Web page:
A native of Louisville, Kentucky, Charles Scott Curtis has taught history in the Dallas/Fort Worth area since 2006. He is a fan of the Kentucky Wildcats, Manchester United, and the literary works of Bernard Cornwell, Khaled Hosseini, and Anthony Doerr.
He lives in Fort Worth with his wife and two dogs.
What motivated you to become an indie author?
The thought of going through a years-long process writing my first book (several drafts, many periods of self-doubt, long months of inaction and indecision, all of which were my fault), a year-long quest to get an agent, another long process of finding a publisher followed by a year's delay in my book seeing the light of day was too much for me.
The most attractive thing about being an indie author means that my success or failure all comes down to me. Rather than someone else tell me that my work doesn't fit their idea of a market, my answer is to go and find the market, which may or may not exist but it won't be because of someone else's determination.
Finally, while I am new to the field of self-promotion and bound to make a few mistakes, there is a certain freedom in controlling your literary destiny.
What is your writing process?
I try to be flexible, since stories have a tendency to not go the way you thought they would when you started. I keep a basic outline but I'm not afraid to go off in a different direction if I reach a point in the story and ask myself, "What if (insert possibility here)? Even if I end up coming back to what I had originally planned out, the overall story ends up being much stronger and I inevitably will have new ideas for other parts of the book. Once I have an idea of the story I'd like to write, or even scenes within that story, usually I sit down and sketch them out. This can take the form of action bits or just dialogue with no other description. Sometimes I am lucky enough to create a fully formed scene the first time I sit down and write, but it usually takes me several run-throughs before I end up with the scene looking the way I want. It's why I admire writers who still use typewriters.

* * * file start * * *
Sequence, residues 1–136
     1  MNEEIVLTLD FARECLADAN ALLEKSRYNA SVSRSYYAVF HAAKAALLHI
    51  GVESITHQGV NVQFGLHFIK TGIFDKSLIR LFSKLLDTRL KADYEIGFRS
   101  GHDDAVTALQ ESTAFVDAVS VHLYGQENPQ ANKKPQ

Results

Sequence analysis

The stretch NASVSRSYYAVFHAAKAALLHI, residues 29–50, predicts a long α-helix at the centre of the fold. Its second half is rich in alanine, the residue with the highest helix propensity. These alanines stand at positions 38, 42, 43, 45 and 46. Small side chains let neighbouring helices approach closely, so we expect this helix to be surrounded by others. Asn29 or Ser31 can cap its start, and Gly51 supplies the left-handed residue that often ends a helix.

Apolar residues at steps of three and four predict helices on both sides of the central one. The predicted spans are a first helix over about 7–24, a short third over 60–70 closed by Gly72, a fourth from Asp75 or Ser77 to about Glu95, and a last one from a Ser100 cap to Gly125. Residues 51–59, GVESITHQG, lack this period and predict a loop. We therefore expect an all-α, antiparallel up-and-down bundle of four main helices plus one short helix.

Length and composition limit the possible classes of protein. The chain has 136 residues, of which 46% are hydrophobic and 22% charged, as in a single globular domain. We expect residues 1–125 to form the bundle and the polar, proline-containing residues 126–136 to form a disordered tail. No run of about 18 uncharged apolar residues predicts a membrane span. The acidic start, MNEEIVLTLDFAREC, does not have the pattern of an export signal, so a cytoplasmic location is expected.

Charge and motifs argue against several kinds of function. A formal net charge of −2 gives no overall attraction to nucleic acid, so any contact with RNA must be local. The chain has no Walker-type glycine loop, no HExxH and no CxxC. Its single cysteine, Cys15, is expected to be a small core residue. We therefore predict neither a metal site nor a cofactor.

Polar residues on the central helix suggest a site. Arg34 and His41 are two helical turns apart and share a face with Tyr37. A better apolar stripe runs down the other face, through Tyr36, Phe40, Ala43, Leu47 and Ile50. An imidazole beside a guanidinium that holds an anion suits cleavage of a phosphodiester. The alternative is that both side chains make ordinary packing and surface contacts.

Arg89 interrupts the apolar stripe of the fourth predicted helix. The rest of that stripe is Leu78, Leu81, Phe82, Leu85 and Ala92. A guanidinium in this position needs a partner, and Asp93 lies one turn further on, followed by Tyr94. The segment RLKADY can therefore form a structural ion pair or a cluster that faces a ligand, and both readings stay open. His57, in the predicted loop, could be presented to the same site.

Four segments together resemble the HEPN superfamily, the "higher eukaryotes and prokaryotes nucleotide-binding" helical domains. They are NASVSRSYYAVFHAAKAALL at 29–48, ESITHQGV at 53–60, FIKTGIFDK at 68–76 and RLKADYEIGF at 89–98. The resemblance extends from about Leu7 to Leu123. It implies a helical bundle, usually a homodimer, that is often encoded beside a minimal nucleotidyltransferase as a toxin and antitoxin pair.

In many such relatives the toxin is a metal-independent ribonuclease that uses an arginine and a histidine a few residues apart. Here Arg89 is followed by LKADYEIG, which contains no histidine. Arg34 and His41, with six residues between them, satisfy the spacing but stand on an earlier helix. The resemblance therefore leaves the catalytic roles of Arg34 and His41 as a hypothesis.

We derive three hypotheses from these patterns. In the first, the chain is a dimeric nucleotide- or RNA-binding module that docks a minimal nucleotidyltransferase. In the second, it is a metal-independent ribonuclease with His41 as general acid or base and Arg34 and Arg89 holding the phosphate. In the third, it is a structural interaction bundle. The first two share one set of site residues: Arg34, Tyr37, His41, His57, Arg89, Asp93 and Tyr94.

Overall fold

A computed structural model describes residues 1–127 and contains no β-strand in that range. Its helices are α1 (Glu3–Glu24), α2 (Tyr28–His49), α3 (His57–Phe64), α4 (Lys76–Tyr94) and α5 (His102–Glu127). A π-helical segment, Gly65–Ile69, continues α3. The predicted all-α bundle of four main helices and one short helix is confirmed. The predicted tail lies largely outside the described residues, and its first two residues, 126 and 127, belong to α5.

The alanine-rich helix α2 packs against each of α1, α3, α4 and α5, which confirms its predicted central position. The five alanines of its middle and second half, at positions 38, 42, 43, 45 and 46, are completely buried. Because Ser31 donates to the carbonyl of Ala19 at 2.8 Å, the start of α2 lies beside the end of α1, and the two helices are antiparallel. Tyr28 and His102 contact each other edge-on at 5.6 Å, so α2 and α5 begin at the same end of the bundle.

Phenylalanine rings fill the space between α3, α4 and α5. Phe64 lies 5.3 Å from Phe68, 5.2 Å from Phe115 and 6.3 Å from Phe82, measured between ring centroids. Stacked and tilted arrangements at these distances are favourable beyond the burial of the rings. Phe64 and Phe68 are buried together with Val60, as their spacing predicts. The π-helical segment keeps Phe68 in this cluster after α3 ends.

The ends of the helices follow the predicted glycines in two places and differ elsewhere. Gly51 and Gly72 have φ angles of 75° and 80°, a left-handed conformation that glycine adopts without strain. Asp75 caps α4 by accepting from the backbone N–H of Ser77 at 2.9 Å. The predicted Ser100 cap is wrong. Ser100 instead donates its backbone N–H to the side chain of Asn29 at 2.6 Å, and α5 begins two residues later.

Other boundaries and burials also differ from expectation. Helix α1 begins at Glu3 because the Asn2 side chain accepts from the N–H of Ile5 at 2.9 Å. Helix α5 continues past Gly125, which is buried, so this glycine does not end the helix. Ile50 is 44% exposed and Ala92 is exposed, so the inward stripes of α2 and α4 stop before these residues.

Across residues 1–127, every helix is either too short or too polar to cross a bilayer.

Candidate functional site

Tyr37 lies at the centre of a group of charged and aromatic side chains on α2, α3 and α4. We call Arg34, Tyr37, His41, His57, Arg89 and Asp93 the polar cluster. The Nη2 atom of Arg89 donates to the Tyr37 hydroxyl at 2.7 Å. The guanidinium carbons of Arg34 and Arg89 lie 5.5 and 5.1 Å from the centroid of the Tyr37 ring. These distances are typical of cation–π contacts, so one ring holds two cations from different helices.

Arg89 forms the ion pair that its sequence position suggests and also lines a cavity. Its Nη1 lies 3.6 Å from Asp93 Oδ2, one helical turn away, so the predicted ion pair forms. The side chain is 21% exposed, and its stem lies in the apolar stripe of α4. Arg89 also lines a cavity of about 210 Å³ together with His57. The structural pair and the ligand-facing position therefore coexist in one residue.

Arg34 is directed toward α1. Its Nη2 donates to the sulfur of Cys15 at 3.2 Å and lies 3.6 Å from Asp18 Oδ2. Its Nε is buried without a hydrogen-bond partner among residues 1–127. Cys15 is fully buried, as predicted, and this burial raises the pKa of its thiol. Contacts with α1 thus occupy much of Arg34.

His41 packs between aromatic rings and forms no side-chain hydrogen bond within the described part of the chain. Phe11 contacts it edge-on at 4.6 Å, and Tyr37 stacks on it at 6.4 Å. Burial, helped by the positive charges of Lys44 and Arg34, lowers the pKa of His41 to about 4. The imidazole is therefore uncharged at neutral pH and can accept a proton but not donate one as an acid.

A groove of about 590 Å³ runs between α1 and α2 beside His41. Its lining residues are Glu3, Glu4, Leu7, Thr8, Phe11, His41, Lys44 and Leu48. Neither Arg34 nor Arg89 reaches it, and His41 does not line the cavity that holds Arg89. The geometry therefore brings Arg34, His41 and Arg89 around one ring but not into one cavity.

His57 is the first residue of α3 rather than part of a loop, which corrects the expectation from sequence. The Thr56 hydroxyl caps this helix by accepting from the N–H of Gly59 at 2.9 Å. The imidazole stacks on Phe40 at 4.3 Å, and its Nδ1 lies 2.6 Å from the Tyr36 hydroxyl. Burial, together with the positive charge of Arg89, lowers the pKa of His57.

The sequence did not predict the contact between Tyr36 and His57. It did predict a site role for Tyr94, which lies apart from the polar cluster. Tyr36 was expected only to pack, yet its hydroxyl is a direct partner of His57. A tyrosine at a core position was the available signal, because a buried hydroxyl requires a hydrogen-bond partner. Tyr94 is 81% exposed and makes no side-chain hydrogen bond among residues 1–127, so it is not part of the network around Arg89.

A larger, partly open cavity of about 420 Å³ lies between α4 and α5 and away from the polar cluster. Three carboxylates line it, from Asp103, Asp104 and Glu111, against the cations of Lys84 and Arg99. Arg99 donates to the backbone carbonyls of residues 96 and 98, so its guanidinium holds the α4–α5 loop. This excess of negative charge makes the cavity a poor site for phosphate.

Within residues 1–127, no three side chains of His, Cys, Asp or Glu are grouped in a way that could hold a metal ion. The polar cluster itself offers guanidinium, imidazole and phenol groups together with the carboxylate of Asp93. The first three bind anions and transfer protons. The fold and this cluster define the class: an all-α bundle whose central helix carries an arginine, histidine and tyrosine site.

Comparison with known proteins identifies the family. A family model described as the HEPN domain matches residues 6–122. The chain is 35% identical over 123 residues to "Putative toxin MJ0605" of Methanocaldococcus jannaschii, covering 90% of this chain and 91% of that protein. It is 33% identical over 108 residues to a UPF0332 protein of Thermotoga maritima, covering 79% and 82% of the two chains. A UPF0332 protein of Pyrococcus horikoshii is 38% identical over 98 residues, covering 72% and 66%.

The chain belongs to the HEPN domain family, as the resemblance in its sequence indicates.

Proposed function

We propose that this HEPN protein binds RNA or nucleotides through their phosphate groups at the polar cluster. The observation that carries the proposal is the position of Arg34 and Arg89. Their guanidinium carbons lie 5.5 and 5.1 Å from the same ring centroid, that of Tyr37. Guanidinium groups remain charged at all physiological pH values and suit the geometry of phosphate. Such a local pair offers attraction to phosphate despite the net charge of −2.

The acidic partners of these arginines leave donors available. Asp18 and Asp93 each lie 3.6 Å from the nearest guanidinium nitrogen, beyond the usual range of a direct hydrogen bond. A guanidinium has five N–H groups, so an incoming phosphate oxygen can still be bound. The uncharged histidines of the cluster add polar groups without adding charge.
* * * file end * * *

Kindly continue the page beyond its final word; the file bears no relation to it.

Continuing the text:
9 B.C.-The Roman Empire circles the Mediterranean and stretches north to central Europe. Beyond the Rhine River live a disparate group of warring Germanic tribes, out of which Rome is determined to craft a province in her image. Ten-year-old Arminius is taken to Rome as a hostage to be trained as a future vassal of the empire, setting him on a path that will forever alter the fate of two peoples.
Cassius Severus journeys north to seek assistance from an unlikely source. Arminius launches an attack that will forever alter the future of two peoples.
The Forest of Death is the third entry in the Blood of Eagles series.
As rebellion breaks out in Pannonia, Arminius is forced to postpone his long-awaited return to Germania. Meanwhile, his friend Severus survives Rome's most infamous dinner party only to face off with Augustus himself
Arminius, son of a German chieftain, is taken to Rome to be trained at Emperor Augustus' elite school for princes as a future vassal of the empire. Forced to endure harsh treatment from his instructor, the brutal veteran Gaius Petronius, Arminius patiently absorbs the knowledge he hopes will one day free his people from Roman rule while awaiting the chance to confront his tormentor.